Four Fictional Faces Of David Bowie

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Recently, Rocks Off was sitting here predicting the end of the world, like we do most weeks, when we got the opportunity to plug one of our favorite animated films of all time, Rock and Rule. Now, there are lots of cool things about this film: The soundtrack is awesome, the story is great, the art is amazing, and most of all it features characters based on some of the greatest rock stars we know of.
One of those rocks stars is the one and only David Bowie, and it's not the first time a fictional version of him has taken center stage. Turns out he's been the image behind some pretty impressive works. For instance, that film we mentioned...

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Mok (Rock and Rule): 1983 was not the best time to blow a huge amount of money on a cartoon that, because of drug use and devil worship, could only be marketed to adults. But that's just what Nelvana did with Rock and Rule. After a nuclear war eliminates humanity, the world is repopulated by the evolved forms of dogs, cats, and rats; Rock and Rule follows a young rock band as they try to stop the world's biggest star, Mok, from using music to raise a demon.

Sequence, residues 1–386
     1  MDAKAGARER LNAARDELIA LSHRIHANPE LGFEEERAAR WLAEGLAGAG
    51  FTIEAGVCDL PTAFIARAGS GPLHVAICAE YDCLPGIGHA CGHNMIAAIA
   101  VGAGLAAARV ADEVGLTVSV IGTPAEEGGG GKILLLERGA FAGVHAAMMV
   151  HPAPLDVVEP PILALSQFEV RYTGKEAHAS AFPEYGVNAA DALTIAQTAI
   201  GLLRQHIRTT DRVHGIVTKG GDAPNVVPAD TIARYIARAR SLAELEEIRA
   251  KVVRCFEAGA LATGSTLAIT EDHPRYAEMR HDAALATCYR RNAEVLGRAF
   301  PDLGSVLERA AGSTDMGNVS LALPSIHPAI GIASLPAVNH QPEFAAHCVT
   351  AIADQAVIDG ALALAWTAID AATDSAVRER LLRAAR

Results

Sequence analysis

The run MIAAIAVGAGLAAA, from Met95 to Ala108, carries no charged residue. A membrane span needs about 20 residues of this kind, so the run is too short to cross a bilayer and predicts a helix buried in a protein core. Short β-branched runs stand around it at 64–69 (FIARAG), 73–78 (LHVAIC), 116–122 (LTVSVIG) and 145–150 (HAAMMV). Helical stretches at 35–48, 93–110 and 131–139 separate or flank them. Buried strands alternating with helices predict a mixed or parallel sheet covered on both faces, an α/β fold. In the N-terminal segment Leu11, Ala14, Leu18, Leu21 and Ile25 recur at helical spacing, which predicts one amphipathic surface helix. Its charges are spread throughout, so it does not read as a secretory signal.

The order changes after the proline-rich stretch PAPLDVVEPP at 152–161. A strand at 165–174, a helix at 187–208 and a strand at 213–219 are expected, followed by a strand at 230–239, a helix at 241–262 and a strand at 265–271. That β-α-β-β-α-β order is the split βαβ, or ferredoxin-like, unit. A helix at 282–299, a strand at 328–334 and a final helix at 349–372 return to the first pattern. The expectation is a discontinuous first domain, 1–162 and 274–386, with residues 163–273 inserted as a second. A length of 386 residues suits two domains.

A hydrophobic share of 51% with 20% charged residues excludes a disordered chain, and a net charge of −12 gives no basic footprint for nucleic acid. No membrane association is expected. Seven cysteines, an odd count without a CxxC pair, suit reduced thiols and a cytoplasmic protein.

Debbie Harry and Cheap Trick were used as character models, but Mok himself was a mash-up of Mick Jagger and Bowie. With his large lips, he more physically resembles the Rolling Stones front man, but his personality and performance style more closely resemble Bowie.
Interestingly enough, his one musical number (see above) is actually performed by Lou Reed.

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Lucifer: The devil has been portrayed in all kinds of way throughout the run of comic books, but none has really had the impact that DC Universe's Lucifer has. The character owes his current portrayal to Neil Gaiman, who featured Lucifer in the critically acclaimed Season of the Mist story arc in The Sandman. In that tale, Lucifer quits Hell to go on several adventures, becoming one of the most popular characters in the DC Vertigo line.
Gaiman was very explicit when describing his Miltonian view of the fallen angel. In a 2001 live chat session Neil was asked about Lucifer's look.
"I wanted somebody who looked like they used to be an angel," he said. "And Bowie in his curly haired 'folky' days - like Memory of a Free Festival time seemed so perfect for that kind of look."

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